Â 5:50

However, the, the, our, our access today then,

Â our access to information and technology have tremendously since the early 60s.

Â So today, we have access to very large so, skill, social data from Facebook,

Â from instant messaging, from Twitter, from Emails and so on,.

Â That will allow us to ask these kind of questions at the much larger scale from

Â much large scale data and in a much more systematic way.

Â Instead of us mailing letters among individuals, we can now go and

Â mine data, sources of data, from Facebook, or

Â Twitter again or, or emails for example and try to quantify that question.

Â And try to understand is the world really small.

Â 6:34

Okay?

Â So, the first thing is we need to understand the problem.

Â Again remember that we want to em, em, employ algorithmic thinking.

Â We need to understand the problem here.

Â So, let's assume that we have access for example, to all the Facebook data, okay?

Â So, we have information about all the individuals that have accounts

Â on Facebook.

Â We have also all the information about who's a friend of whom, okay?

Â We would like to know, understanding the problem basically tells us that we

Â would like to understand if, using Facebook data, the world is small, okay?

Â So, what that means is that if I look at the Facebook data, and

Â I take any two accounts in the Facebook network.

Â What is the, the distance of these two accounts?

Â If I take any two accounts at random again.

Â 7:19

So, then the problem in this case is not actually very hard to understand.

Â We have all the Facebook data.

Â We need to see if that Facebook did the exhibits small world effect.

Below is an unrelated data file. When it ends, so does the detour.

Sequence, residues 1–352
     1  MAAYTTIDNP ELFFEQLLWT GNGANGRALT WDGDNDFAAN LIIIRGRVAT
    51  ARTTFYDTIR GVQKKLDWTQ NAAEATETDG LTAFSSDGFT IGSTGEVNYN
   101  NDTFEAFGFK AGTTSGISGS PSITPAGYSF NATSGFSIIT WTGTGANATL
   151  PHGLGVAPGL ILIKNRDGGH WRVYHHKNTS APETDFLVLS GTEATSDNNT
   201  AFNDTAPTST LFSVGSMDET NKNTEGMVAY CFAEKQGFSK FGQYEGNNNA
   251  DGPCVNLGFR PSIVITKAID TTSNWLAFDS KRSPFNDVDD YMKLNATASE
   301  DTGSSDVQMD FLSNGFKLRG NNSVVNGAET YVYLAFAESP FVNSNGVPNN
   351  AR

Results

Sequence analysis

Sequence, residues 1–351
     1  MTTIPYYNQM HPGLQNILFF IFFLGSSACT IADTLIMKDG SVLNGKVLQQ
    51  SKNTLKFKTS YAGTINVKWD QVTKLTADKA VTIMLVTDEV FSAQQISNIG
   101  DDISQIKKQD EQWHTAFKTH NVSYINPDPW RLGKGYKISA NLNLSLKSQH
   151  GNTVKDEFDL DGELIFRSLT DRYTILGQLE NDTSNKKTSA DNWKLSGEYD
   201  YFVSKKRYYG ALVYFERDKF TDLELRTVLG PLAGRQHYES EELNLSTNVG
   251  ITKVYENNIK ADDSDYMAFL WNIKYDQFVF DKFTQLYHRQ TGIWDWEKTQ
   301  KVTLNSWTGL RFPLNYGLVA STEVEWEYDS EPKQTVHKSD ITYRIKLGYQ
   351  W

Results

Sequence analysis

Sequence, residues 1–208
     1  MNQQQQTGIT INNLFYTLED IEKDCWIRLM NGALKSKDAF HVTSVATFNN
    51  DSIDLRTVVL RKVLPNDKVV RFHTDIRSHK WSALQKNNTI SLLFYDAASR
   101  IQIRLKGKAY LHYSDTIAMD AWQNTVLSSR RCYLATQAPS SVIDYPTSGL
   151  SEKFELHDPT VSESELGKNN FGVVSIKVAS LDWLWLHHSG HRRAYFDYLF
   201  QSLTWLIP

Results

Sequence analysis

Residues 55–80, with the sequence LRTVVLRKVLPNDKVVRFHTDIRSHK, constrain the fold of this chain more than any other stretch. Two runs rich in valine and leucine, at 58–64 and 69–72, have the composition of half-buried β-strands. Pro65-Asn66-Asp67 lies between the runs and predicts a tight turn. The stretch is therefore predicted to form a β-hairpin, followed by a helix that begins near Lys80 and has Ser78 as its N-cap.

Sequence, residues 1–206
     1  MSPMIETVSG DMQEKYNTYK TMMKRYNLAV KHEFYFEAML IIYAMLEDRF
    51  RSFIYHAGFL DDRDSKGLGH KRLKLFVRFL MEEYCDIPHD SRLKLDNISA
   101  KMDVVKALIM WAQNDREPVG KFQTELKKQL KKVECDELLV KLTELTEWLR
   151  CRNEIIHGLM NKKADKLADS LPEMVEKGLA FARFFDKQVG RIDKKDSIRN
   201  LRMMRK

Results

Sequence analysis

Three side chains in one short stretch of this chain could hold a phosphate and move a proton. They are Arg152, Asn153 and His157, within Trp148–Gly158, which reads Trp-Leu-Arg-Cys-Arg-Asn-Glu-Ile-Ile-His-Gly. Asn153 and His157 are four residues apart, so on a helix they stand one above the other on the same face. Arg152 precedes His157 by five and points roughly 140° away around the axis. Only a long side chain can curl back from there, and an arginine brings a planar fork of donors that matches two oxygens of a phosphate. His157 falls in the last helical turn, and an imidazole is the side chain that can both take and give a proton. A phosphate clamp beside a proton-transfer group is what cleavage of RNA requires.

Â Next we move next to the, the formulation phase.

Â And we need to think now about how do we formulate the input to the problem.

Â Now it makes sense when we look at again individuals, and their connections,

Â that we have a representation that says, okay I have here this individual 0,

Â individual 1, individual 2, 3.

Â Four and so on.

Â Again when we locate the,

Â the entire Facebook data, we have many more than five notes.

Â But for the sake of illustration let's assume that we have five accounts for

Â five individuals.

Â Then we have five individuals, in addition we

Â know also from this individual who's connected to who, who's a friend of who.

Â For example zero is connect, has a friend of one, zero is a friend of two.

Â Of three and of four.

Â One is a friend of just zero, two is a friend of three and of four.

Â These are the connections, so if I take a snapshot of Facebook this is what I get.

Â I have five individuals this is how they are connected on Facebook.

Â So, this will be the input.

Â And in this case it makes most sense to think about the input in

Â terms of a graph again.

Â Nodes, and edges.

Â Because the system is amenable to a representation with graphs, okay?